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Understanding Second Opinions FAQs

Updated March 29, 2010

When is it useful to get a second opinion?

Why is a second opinion helpful?

How do I get a second opinion?

Is a second opinion covered by my insurance?

What should I do if the two opinions are different?

Q: When is it useful to get a second opinion?

A: Always! Once you get your doctor’s opinion about your diagnosis and treatment plan, you may want to get another doctor’s advice before you start treatment. Breast cancer is rarely an emergency, so you have time to get a second opinion.

Q: Why is a second opinion helpful?

A: A second opinion can help you confirm your diagnosis and get another doctor’s view on treatment options. It can give assurance that you have looked at all options and lets you ask questions after you have had the chance to think about what your doctor told you. A second opinion can give you peace of mind that you made the best choice for your health.

Q: How do I get a second opinion?

A: Most doctors welcome second opinions, and your doctor should be able to suggest another doctor. However, if you feel uncomfortable asking for a second opinion, it may be helpful to tell your doctor that while you are satisfied with his or her care, you want to be as informed as possible before making any final choices about treatment. You may want to bring a family member for support during this discussion. If your first doctor is unable to recommend a doctor for a second opinion, you may want to try calling your local hospital’s patient referral service.

The doctor’s office where you are getting the second opinion will tell you what needs to be sent to them for your consult. Often they will need mammograms, biopsy slides, and copies and records of other tests or procedures done. You will need to tell your first doctor or healthcare facility what you need sent and where to send it.

Q: Is a second opinion covered by my insurance?

A: Some insurance plans make you get a second opinion, especially if you are going to have surgery. Other plans will pay for a second opinion if your doctor requests one. Before getting a second opinion, you should check with your insurance company to find out if they will cover the cost. If your plan does not cover it, consider if you can pay for it yourself.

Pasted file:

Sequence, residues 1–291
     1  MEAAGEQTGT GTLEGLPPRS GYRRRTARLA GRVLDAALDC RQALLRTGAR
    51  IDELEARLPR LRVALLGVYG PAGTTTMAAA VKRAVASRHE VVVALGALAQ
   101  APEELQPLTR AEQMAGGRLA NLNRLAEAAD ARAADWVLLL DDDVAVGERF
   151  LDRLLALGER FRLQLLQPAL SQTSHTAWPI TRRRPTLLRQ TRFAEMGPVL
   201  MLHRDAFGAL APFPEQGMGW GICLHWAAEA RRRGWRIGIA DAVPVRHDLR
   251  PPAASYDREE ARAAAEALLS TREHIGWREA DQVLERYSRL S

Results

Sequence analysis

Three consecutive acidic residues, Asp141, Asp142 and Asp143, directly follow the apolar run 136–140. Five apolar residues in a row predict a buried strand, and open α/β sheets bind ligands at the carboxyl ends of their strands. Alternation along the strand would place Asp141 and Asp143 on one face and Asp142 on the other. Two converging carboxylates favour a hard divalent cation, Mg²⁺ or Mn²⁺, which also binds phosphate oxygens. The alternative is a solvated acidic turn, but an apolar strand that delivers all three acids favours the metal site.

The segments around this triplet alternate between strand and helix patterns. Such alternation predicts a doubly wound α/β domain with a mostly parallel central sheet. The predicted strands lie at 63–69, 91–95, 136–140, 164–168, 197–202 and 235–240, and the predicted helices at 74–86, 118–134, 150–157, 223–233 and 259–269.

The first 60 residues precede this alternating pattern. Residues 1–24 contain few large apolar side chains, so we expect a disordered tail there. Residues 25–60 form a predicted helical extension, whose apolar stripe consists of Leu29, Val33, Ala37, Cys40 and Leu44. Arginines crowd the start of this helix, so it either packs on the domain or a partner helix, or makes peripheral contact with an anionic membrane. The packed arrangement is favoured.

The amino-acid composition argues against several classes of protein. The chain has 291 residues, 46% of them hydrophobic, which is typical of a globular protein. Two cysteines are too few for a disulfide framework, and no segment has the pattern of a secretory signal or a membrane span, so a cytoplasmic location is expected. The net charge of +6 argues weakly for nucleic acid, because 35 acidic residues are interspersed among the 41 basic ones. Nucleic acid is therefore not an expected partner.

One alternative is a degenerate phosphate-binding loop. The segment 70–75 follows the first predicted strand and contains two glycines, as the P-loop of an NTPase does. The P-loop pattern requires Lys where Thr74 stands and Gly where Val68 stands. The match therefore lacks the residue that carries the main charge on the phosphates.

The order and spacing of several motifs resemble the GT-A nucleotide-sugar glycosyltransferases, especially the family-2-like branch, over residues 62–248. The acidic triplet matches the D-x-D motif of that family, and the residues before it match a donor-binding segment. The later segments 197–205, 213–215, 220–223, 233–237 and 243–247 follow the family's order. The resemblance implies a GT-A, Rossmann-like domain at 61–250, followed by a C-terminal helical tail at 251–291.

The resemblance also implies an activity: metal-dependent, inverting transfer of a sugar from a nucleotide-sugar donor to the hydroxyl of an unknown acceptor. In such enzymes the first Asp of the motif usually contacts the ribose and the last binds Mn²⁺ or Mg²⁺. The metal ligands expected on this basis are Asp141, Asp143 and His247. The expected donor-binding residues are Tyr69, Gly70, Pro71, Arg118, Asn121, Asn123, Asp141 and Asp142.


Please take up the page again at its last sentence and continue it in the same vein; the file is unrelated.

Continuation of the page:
If you have Medicaid, coverage of a second opinion will depend on your state’s program. Contact your state’s department of medical assistance or department of health to find out about coverage. Visit the Centers for Medicare & Medicaid Services for contact information.

Medicare will pay for a second, third or fourth medical or surgical opinion, as long as the opinion is medically necessary and is for the treatment of a condition covered by Medicare. Depending on the format of your Medicare plan, you may need a referral from your primary care doctor. To find out if you need a referral or to obtain information about Medicare’s coverage of second opinions, call (800) 633-4227.

Q: What should I do if the two opinions are different?

A: If your doctors do not agree on the same treatment, you may want to get a third opinion from another doctor.

It is not uncommon for doctors to disagree on courses of treatment, and choosing between different recommendations can be tough. Consulting a third doctor may ease concerns about treatment choices. This doctor may help you weigh the benefits and risks of each treatment and help you choose. Comparing first, second and third opinions on your own or with your family or friends also may help you feel certain about your decision.

You also may want to speak with another woman who has gone through what you are experiencing. Our Breast Cancer Helpline at (888) 753-LBBC (5222) is staffed by trained volunteers who have had breast cancer. We can match you with a woman who had a similar diagnosis or experience. She will listen and help you think through your questions and concerns.

All FAQs reviewed by Carolyn Weaver, RN, MSN, AOCN